Not that long ago, I used to think people who were ‘green‘ were a bit odd. I just thought it wasn’t a big deal and wondered why people went to such trouble over little things. I used to think natural body products were inferior and that if I used them I’d have b.o. and end up with hairy legs and no make up and frizzy hair and maybe even braless…eeek perish the thought! If someone had told me they used cloth sanitary products I’d have thought they’d really gone too far. Home birth was rather earthy too, and home schooling for weird religious fanatics.
EeekkkK! Something has happened to me and I’m becoming one of them! And it’s happening rather quickly. In the last 3 years I have…
- Stopped using disposable nappies and wipes. Now I use cloth nappies (exclusively) as well as cloth wipes. I can’t remember the last time I bought them. Our rubbish has reduced considerably it has saved us money, and it feels much better knowing I’m not using an item once and throwing it away. Our rubbish bin used to fill up so quickly. And it stank. Yes, you have to wash them but it’s not hard to use a washing machine. My poor ol’ Nanna had 6 children and for at least the first 4 would have washed everything by hand. I started making my children’s cloth nappies a couple of years ago and also started selling them in a little business.
- Stopped buying cleaning products such as window cleaner, floor cleaner, surface cleaner, shower and bathroom products. I now use Enjo cleaning cloths…microfibre fibres that clean really easily and thoroughly just using water. I’d never have believed this was hygienic enough but now I am convinced. I’m not a clean freak, but I think even a clean freak would be impressed with these. It’s not cheap initially although is offset by not having to purchase consumable chemicals ongoingly and there are cheaper brands (haven’t tried them) but it has made me realise once again that just because there are products available, it doesn’t mean you have to use them. The cleaning isle at the supermarket has every specific product available and so we think we need them. I like to ask myself what our grandmothers would have done and many so called old fashioned methods work just fine, and are cheap or free, healthier in our homes and better for the environment.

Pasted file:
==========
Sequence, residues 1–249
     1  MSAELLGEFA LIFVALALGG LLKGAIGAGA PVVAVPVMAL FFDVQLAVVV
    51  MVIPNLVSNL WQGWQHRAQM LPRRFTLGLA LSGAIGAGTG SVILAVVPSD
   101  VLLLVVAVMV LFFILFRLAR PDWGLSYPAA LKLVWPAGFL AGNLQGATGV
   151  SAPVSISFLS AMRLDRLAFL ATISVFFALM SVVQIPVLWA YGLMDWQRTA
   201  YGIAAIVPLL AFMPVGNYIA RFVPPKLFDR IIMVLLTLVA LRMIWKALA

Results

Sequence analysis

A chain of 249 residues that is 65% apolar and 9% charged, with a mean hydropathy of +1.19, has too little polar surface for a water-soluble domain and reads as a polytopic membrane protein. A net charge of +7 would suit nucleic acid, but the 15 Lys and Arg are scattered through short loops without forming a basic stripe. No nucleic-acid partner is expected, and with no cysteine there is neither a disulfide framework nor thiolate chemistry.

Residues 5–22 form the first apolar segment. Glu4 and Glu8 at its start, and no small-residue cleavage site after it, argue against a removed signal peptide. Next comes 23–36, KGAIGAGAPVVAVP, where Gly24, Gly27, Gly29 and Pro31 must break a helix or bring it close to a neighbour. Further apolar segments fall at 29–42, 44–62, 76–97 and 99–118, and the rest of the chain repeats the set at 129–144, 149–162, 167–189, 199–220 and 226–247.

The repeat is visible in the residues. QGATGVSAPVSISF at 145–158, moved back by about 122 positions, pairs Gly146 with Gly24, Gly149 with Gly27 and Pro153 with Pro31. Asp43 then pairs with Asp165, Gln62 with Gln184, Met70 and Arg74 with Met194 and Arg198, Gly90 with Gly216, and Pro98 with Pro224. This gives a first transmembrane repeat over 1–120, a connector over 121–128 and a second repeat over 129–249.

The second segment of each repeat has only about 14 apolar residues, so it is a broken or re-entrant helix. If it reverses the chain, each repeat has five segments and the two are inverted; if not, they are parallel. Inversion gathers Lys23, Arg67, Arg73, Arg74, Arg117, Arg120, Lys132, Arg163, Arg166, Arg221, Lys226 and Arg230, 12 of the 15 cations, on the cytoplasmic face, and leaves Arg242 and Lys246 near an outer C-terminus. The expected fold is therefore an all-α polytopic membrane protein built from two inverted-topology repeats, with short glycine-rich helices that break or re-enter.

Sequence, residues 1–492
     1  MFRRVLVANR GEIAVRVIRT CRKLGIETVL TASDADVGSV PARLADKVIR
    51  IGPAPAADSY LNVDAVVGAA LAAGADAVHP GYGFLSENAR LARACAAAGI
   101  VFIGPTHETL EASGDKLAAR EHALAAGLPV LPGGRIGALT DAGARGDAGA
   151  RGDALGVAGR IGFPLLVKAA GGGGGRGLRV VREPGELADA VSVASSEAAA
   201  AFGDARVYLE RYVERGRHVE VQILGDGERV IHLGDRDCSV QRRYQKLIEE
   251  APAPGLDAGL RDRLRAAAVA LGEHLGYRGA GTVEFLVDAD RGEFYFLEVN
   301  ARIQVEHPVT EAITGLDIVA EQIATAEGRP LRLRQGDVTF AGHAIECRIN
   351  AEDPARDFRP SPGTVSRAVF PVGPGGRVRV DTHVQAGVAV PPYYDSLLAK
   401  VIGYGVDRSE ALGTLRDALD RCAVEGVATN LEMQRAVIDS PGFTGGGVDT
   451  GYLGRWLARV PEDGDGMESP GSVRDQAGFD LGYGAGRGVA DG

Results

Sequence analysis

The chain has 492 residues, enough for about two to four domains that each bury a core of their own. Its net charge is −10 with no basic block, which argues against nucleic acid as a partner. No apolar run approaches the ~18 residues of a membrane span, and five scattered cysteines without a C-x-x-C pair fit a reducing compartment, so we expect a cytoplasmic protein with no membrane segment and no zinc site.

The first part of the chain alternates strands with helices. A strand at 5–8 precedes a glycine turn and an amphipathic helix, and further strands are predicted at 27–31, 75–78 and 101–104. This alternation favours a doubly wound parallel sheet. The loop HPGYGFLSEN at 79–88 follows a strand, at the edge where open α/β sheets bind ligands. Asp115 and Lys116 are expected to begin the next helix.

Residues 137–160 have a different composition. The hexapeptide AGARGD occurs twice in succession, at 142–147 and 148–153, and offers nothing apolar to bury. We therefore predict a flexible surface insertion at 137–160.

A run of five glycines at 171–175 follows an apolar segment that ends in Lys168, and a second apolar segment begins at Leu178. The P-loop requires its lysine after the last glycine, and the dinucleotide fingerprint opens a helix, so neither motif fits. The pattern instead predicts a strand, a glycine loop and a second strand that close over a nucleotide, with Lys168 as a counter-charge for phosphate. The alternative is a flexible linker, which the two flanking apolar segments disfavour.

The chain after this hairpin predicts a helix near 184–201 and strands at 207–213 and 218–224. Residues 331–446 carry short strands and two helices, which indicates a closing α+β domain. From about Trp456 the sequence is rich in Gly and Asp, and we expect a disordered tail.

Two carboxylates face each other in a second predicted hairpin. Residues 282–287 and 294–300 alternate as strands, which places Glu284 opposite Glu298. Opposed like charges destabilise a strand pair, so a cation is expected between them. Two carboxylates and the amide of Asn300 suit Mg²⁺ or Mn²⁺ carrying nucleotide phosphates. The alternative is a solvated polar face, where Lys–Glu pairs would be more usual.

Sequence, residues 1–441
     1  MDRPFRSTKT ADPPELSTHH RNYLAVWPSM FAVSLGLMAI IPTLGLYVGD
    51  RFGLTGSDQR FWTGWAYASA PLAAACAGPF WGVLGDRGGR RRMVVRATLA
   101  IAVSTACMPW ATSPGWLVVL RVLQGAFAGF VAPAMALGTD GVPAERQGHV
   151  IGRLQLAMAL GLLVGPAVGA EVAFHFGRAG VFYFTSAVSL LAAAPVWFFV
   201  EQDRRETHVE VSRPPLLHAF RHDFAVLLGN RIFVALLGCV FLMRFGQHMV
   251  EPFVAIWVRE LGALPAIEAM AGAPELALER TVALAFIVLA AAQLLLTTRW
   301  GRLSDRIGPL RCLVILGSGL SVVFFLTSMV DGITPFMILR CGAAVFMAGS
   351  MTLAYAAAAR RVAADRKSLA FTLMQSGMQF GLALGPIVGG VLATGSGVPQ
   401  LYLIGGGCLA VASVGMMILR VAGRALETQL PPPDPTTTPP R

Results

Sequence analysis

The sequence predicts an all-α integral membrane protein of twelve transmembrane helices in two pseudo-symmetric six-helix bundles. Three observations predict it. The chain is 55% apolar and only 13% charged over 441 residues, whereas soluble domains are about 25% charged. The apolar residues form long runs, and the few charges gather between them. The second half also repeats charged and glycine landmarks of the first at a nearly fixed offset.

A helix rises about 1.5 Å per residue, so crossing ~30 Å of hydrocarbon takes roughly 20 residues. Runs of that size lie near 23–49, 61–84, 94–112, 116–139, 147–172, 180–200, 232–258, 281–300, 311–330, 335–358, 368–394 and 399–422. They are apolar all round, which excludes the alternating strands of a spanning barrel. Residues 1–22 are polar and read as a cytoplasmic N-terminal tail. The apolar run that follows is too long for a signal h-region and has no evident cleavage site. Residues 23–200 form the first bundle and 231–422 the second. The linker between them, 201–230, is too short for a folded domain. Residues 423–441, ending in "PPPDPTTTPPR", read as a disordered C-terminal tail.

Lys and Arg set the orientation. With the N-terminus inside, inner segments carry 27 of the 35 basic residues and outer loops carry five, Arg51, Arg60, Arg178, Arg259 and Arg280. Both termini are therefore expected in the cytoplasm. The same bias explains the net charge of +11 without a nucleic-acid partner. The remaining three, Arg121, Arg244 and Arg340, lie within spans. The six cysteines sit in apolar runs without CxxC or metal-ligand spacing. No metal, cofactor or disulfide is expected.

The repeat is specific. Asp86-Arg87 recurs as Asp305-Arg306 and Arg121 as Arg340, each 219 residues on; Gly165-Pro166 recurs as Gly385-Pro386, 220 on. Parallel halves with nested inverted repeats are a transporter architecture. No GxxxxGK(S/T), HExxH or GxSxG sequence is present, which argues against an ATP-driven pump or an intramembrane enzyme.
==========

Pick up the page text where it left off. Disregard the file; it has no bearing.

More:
- Stopped buying disposable sanitary products. Initially I started using cloth pads. These are so much better than they sound….thinner than you’d expect, way more comfortable than disposable ones and not at all hard to clean or care for. They’re not ugly raggy things….they come in colours and prints or you can make your own. There are many designs available i.e. with or without wings, with an attached waterproof layer or a snap in one etc etc. Additionally, in the last 5 months I’ve started using a Mooncup. This is a reusable menstrual cup. To save me getting all personal on the internet, go and have a read about it at the Mooncup website. They take a bit of getting used to but is a one off cost of around $55-60. They should last for several years. You’ll have saved it’s cost in disposable products within 4-5 months depending on what you normally buy. They are healthier than tampons, having never been associated with Toxic Shock Syndrome. Again, no landfill and I love walking past that aisle in the supermarket.
- Stopped buying disposable breast pads when breastfeeding. I used one packet that were given to me as a gift when I had my last child. Reusable Cloth pads work just as well, can be washed in the shower or chucked in the washing machine with anything else. Again…saves money and land fill and none of that gel stuff near our bodies. My boy is weaned now :-( so I gave them away to a friend.
- Stopped using commercial shampoo and soap. I have started using natural shampoo bars. These are made from all vegetable oils with added essential oils. They clean the hair just as well as shampoo, are cheaper and have no chemicals going down the drain or affecting our skin. My hair is very thick and curly, and I’ve been quite happy with how the shampoo bar is leaving it. It’s slightly less manageable when wet without conditioner, but once dry , there is very little difference. There are plenty of home made conditioner recipes on the internet which I will probably try sometime once I get used to the idea of putting egg or mayonnaise or beer on my head. Ha ha ha ha. I’ve been enjoying the shampoo bars and naturals soaps so much I decided to retail them as part of the fund raising for my Zimbabwe project. You can see them and other products as well as read about the project over here at my Make a Plan blog.
- Become a recycler. I used to be rather lazy about this but the new HUGE 240L recycling bins provided by the city council are great. I love that you can chuck every thing in together. I now recycle all tins, paper, glass, and most plastics.
- Started a compost bin. We were given two bins. I don’t actually use the compost because I’m a terrible gardener, but at least our scraps are breaking down nicely on our own property. With the compost and recycling if we forget to put the rubbish bin out it’s not the end of the world, as we can easily last 2 weeks on our little 120L wheelie bin.
So there you have it. I’m a bit green myself, and when i consider that I’ve also had a home birth and am home schooling, I realise I’m becoming stranger by the second!! I still use regular washing powder, dishwasher powder and dishwashing detergent. And I’m just a tad reluctant to do away with commercial deodorants. Can anyone convince me the natural deodorant stones actually work? and do any of them keep you dry like the commercial ones do?
Do you any natural products? What are your favourites?